The tourism industry for India is applauding the proposed India tourism budget allocation of Rs 2,500 crore for the financial year 2020-21. Finance Minister Nirmala Sitharaman said today, Saturday, February 1, 2020, that improvement of the tourism industry is directly related to growth and job creation.
“This is an imperative towards education and skill development of our sector (tourism) that contributes a significant 10% to India’s GDP. Additionally, (tourism) plays a critical force-multiplier role in job creation, accounting for 26.7 million jobs in 2018 – and is expected to provide employment to nearly 53 million people, directly and indirectly, by 2029,” said Madhavan Menon, chairman and managing director, Thomas Cook (India) Ltd.
The minister, while presenting the budget for FY21, highlighted that India has moved up from rank 65 in 2014 to 34 in 2019 on the Travel & Tourism Competitive Index of the World Economic Forum.
Mr. Vishal Suri, Managing Director, SOTC Travel, said: “The Budget 2020 announced measures to further boost and create a momentum in the overall tourism sector. The proposal of 100 additional airports by 2024 as per the UDAN Scheme, introducing more Tejas-type trains which will help connect tourist destinations and the overall allocation of Rs. 1.7 lakh crore for transport infrastructure in 2020-21, will revitalize the untapped and unexplored destinations in India.”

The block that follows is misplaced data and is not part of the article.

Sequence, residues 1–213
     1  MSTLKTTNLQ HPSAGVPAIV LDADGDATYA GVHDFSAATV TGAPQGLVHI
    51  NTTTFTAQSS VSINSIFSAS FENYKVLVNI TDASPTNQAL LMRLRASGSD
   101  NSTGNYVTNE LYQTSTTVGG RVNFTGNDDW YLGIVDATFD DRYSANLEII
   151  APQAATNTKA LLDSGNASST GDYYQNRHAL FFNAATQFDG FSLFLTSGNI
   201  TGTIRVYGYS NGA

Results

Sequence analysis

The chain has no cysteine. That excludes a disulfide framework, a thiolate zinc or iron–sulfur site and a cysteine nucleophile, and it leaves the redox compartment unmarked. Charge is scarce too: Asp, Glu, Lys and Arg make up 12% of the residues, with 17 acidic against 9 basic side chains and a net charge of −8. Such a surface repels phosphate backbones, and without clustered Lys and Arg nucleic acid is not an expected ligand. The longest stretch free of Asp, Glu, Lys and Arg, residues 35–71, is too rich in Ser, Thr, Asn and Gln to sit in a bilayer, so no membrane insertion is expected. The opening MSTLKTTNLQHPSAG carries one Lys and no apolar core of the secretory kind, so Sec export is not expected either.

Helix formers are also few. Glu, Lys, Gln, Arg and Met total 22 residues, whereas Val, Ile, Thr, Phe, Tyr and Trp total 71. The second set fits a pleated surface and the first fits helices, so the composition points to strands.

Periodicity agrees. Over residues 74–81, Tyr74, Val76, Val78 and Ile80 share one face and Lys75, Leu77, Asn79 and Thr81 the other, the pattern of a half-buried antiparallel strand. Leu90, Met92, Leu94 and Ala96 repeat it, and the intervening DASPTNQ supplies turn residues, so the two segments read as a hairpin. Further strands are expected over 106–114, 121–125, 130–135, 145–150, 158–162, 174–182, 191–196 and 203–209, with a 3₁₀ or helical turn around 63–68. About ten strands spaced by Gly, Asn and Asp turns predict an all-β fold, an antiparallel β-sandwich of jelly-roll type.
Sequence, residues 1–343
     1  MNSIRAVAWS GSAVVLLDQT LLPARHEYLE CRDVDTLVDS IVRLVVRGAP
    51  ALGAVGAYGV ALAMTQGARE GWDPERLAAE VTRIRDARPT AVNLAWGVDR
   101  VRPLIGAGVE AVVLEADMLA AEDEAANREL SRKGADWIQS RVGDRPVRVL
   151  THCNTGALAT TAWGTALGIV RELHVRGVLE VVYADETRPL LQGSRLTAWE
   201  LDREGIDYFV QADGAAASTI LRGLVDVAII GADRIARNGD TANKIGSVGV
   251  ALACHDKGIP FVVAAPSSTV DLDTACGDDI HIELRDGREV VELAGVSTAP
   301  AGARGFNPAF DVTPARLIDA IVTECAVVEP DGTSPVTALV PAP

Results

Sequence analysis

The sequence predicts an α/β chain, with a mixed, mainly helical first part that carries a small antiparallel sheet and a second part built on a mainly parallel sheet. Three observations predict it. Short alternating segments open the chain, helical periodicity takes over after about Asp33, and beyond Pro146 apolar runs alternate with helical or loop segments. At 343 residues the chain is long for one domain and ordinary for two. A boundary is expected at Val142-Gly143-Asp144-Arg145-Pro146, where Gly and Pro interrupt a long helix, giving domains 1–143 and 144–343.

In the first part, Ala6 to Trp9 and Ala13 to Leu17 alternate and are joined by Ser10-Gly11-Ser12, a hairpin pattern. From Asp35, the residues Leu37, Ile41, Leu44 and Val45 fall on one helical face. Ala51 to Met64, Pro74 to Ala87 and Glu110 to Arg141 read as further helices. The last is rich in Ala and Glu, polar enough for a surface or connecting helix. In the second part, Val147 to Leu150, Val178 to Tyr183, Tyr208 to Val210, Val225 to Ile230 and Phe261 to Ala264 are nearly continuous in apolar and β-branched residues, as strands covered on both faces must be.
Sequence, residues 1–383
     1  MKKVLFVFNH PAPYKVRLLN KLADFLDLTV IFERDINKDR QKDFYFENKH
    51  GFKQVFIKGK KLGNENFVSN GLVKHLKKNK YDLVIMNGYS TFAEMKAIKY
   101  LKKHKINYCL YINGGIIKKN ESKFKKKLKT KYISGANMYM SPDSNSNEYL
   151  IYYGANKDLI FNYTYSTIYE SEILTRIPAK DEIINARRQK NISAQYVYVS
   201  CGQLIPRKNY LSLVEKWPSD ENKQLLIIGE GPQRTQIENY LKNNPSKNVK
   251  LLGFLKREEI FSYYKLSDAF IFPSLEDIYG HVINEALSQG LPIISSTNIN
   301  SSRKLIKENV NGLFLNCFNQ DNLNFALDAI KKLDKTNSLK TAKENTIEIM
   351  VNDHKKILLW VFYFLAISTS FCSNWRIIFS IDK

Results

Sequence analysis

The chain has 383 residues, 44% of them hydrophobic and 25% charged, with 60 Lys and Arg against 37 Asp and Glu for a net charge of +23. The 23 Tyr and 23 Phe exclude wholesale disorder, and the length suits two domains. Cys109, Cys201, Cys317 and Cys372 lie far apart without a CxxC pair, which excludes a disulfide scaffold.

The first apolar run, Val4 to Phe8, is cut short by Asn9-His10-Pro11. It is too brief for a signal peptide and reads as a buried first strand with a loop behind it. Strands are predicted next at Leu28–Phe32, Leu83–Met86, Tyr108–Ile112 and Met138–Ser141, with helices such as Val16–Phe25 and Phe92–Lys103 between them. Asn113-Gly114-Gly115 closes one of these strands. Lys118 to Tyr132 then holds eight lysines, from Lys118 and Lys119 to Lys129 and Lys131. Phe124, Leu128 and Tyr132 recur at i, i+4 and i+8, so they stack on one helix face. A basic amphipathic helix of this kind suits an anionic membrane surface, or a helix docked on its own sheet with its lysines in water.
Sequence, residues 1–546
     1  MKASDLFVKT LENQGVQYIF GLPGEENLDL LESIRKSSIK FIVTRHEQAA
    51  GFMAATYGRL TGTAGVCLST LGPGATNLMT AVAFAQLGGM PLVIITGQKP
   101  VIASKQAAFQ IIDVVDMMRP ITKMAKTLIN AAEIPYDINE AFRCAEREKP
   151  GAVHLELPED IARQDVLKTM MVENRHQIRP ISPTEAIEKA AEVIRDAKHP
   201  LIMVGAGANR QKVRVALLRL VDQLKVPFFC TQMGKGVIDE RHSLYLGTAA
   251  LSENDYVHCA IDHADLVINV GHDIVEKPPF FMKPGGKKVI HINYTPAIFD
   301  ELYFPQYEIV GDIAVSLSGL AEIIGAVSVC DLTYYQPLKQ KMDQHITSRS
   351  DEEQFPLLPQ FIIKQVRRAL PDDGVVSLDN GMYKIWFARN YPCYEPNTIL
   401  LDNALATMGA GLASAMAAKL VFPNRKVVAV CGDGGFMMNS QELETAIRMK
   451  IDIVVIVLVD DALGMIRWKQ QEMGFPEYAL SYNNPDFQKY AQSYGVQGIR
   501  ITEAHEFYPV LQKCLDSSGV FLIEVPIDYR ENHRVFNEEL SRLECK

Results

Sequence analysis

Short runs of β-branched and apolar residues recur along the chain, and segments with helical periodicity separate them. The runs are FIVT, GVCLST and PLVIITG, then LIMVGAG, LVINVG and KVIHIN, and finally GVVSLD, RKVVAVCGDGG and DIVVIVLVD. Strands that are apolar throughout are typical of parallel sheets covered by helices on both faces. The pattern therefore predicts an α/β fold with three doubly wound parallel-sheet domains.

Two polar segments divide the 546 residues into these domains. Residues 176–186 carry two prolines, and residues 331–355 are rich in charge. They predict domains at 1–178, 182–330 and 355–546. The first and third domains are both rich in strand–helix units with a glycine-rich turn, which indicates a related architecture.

The new personal income tax regime would put higher disposable incomes in the hands of the individuals, by allowing an option of a lower-rate regime if all exemptions (including investment- linked exemptions) are foregone. This step would induce consumer spends and inevitably help consumption across sectors, especially tourism.
Additionally, India’s natural beauty, rich heritage, and culture will further be amplified by the government’s plans of setting up of 5 archaeological on-site museums in places such as Rakhi Gadi in Haryana, Hastinapur in UP, Dholavira in Gujarat, Shivsagar in Assam, and Adichanallur in Tamil Nadu, along with a tribal museum in Ranchi, Jharkhand, and a maritime site in Lothal. This is being supported with a budgetary allocation of Rs 3,100 crore earmarked for the Culture Ministry and Rs 2,500 crore for tourism promotion within the India tourism budget. This will encourage domestic tourism. Additionally, an Indian Institute of Heritage and Culture has been deemed to be a university set up, and more Tejas-type trains are to be introduced to connect iconic cities.
Rohit Kapoor, CEO of OYO, India South Asia, had this to say about the budget: “It is heartening to see a budget that focuses on improving standards of living as well as economic development. A grant of INR Rs 2,500 crore for tourism promotion and the development of 5 iconic archeological sites and museums in the country are bright indicators of the renewed focus of the government on the travel and tourism industry. Apart from these initiatives, the overall focus on increased disposable income, better infrastructure, better connectivity, and the digital push will help boost demand for the hospitality industry in India. It is also heartening that the government acknowledges and understands the role of entrepreneurs in both capital and job creation in the country. Government’s efforts towards creating more opportunities for startups will spur entrepreneurship.”
Arun Dang, a leading hotelier from Agra and active in industry issues, said: “The budget allocation for tourism should be at least Rs 5,000 crore. The closed offices of tourism must be reopened and assured of adequate funds, and there should be no tax on the travel industry more than 10 percent.” He added that he welcomed the stress on connectivity and the new trains plan.